Mr Specht comes from Fennovoima PreussenElektra, formerly E.ON Kernkraft, where he served as executive vice-president and head of nuclear engineering and consulting. He has also held positions at Areva, Framatome and Siemens/KWU.
Fennovoima announced in October that chief executive officer Toni Hemminki was leaving the company.
Mr Hemminki said earlier last year that the progress of Hanhikivi-1 was a disappointment in 2018 with a new estimated schedule postponing commercial operation by several years.
The new schedule was received from the plant supplier Raos Project, a subsidiary of Russian state nuclear corporation Rosatom, at the end of 2018.
It said the plant’s projected startup date had been pushed back to 2028, four years behind the original schedule and eight years later than the proposed start when Finland’s government approved the project in 2010.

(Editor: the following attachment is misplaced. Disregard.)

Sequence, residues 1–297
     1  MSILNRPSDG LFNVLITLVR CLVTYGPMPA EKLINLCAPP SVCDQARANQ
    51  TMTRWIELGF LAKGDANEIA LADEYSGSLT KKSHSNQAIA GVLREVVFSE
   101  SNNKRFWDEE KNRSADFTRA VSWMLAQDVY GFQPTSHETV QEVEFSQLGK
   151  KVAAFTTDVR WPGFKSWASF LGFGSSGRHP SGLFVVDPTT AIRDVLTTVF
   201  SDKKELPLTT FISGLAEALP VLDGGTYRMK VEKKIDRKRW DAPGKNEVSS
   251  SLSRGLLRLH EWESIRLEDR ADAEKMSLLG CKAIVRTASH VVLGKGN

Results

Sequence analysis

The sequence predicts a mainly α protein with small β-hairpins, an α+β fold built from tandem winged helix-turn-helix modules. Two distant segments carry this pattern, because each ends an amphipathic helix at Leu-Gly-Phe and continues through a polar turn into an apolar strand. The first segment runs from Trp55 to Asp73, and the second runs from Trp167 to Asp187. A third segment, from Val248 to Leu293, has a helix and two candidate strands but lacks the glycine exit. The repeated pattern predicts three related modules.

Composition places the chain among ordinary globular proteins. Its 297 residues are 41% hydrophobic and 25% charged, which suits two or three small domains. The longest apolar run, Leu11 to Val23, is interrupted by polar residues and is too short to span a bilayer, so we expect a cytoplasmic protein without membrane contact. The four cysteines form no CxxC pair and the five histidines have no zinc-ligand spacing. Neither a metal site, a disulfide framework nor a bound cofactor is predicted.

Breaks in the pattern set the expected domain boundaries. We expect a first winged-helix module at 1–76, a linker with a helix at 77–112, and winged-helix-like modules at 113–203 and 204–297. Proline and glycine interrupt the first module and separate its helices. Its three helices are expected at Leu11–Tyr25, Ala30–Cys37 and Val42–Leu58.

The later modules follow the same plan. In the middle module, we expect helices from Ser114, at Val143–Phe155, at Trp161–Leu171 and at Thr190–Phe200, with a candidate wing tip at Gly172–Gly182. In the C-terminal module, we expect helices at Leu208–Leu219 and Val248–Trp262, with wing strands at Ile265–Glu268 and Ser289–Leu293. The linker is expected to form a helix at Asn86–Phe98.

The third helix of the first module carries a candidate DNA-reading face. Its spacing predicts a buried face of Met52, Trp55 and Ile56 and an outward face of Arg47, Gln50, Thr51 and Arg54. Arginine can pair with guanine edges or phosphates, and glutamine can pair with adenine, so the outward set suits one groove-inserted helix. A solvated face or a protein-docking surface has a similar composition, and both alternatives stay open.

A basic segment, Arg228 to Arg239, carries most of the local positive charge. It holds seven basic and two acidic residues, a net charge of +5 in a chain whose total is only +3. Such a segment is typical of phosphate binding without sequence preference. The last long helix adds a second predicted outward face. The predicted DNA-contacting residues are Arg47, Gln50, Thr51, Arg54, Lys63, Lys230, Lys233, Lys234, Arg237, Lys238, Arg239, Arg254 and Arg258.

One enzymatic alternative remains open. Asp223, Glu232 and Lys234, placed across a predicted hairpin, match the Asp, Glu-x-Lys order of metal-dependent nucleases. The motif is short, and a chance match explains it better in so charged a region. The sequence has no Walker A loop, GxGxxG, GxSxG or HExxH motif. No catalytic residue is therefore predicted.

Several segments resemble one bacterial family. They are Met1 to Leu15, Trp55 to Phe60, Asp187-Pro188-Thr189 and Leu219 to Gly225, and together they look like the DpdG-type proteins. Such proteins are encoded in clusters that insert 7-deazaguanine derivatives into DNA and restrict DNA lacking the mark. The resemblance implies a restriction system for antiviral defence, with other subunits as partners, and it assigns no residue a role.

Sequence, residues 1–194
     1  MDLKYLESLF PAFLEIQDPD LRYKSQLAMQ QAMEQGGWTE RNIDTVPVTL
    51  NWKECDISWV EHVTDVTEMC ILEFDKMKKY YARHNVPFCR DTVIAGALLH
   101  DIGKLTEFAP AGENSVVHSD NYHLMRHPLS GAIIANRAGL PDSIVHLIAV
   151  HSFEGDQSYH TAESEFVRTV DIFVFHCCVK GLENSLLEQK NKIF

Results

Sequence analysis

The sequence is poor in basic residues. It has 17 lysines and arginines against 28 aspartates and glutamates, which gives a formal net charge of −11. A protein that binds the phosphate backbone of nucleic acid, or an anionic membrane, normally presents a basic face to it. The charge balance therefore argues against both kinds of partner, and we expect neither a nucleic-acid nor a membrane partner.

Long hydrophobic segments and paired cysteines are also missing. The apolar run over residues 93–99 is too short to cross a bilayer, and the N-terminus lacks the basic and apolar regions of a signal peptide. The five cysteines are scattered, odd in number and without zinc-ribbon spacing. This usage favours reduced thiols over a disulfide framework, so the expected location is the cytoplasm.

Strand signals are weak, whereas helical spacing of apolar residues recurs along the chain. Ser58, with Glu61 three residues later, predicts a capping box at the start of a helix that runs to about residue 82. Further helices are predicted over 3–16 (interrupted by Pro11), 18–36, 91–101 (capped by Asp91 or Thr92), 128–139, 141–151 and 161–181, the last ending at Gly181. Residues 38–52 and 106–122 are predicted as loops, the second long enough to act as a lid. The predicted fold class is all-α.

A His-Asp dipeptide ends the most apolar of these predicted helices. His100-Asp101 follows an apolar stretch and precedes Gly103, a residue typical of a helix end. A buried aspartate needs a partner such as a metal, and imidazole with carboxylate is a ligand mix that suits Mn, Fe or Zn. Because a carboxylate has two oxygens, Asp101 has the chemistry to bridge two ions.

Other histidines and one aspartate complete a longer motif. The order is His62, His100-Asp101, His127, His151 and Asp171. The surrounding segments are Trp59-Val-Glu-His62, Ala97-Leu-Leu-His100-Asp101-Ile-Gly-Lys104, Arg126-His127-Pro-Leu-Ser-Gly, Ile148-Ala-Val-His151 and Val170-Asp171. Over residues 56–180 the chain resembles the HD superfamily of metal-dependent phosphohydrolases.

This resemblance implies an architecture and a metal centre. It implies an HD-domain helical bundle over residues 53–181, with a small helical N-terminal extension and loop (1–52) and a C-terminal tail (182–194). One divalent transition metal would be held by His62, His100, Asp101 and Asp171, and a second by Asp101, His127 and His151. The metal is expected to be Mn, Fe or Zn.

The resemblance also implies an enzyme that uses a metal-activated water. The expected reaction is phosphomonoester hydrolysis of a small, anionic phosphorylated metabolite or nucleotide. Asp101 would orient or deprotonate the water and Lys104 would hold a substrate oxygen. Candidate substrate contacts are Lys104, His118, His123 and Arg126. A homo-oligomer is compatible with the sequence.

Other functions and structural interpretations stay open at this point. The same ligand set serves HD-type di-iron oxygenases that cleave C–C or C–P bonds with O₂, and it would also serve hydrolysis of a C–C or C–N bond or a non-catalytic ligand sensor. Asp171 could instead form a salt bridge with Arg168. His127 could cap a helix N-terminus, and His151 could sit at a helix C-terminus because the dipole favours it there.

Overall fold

At the time, Fennovoima said it had begun revamping its organisation to prepare for swifter progress.
Fennovoima, a consortium of Finnish industrial and energy companies, had warned in 2017 of potential delays, in part due to Rosatom’s problems with securing approval to begin construction from Finland’s Radiation and Nuclear Safety Authority.
Fennovoima said the aim now is to receive the construction licence and to start construction in 2021.
Hanhkivi-1 will be a 1,200-MW VVER pressurised water reactor. The reference plant for the unit Leningrad 2 in Sosnovy Bor, Russia.
According to Fennovoima’s website, the total investment cost for Hanhikivi-1 will be between €6.5 and €7bn, which includes initial plant costs, financing and waste management. This estimate has remained the same since spring 2014, when the original investment decision was made, Fennovoima said.
Last month Fennovoima said Japan Steel Works had started forging of the generator rotor for Hanhikivi-1.